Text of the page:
You see them in gas stations and on the internet, marketed as "potpourri," "incense," or "bath salts" under names like K2, Jazz, and Eclipse. What are these?
They are synthetic substitutions for marijuana and cocaine, meant to be smoked or snorted. The composition of what's in the package will depend on what you are buying and where. What's legal and illegal also changes as state and federal laws play catch up with the drugs' ever-changing chemical compositions.
After a few well-publicized adverse incidents, the state of Florida outlawed the sale of the chemicals marketed as "bath salts," designating them a Schedule 1 substance. A similar ban was attempted on Synthetic Marijuana products, but a shift in the formulation had them back on the shelves days after the law went into effect. A federal ban on synthetic drugs has been proposed and is making its way through Congress.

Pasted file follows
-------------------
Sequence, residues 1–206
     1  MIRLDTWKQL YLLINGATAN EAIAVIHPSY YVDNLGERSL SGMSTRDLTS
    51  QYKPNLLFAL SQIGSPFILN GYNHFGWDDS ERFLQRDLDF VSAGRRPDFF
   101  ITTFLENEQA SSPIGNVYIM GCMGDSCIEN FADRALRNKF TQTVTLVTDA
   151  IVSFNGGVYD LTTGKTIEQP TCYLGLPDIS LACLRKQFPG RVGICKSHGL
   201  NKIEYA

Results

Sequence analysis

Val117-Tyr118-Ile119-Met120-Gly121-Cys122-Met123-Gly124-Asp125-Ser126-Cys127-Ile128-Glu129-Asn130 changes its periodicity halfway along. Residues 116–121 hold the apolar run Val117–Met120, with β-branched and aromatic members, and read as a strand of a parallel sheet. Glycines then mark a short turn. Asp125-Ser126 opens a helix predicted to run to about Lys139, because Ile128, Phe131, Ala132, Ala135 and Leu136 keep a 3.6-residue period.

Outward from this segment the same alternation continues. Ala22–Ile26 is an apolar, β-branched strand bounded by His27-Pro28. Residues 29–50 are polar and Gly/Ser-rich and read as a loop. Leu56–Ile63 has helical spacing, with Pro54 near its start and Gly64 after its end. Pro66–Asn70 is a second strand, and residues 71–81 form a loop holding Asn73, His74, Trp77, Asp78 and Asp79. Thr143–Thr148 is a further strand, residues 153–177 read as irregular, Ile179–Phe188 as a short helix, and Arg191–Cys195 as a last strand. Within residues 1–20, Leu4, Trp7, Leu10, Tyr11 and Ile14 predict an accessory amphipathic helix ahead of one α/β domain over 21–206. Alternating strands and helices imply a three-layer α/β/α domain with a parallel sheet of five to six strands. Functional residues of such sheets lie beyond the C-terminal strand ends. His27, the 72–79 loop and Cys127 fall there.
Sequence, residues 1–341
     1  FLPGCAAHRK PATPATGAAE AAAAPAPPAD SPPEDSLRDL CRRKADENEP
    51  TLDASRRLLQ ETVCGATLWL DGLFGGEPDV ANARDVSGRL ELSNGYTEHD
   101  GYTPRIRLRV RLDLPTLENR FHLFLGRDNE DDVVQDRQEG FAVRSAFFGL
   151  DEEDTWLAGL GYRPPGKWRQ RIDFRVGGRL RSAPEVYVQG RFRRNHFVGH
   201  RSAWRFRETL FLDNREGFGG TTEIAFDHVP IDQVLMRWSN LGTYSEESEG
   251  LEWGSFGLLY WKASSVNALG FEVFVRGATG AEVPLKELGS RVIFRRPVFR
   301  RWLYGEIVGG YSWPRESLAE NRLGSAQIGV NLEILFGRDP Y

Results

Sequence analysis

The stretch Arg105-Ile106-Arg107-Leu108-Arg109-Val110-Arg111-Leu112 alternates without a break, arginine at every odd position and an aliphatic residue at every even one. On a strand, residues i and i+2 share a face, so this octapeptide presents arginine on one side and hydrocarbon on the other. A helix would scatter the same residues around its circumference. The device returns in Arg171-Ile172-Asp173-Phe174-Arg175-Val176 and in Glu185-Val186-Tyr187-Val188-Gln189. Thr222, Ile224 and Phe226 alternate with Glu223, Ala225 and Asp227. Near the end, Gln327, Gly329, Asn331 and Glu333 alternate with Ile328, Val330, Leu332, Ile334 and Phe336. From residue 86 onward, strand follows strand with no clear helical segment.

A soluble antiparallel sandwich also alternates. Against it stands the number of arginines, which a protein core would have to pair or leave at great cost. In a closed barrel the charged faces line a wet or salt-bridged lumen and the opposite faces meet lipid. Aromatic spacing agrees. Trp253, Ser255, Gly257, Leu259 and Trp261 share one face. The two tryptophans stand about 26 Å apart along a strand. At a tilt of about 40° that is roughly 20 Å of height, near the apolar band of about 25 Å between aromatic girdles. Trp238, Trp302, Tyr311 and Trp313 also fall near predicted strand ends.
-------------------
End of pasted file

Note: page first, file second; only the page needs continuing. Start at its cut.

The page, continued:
What does all of this mean for you?
At the current time, it is legal to possess Synthetic Marijuana sold in Florida. Possession of certain formulations sold online may or may not be legal in this state; sites rarely disclose the ingredients in their products, so you probably will not know. None of the drugs commonly sold as bath salts are legal to possess. They are currently on the same legal footing as drugs like methamphetamine and cocaine.
However, those on probation have further restrictions. The newest urine tests screen for these drugs. If you are on probation, you may get violated if synthetic drugs, legal or not, are detected in your urine. This can result in getting your probation revoked and can lead to heavy fines or land you back in jail.
There are a number of reasons to stay away from Synthetic Drugs outside the legal repercussions. Synthetic Marijuana has been linked to a number of deaths nationwide. Synthetic Cocaine products can lead to delusions, dangerous overdoses, or deaths. All in all, if it makes you rampage naked through your neighbor's yard or think your furniture is out to get you, you should give it a pass.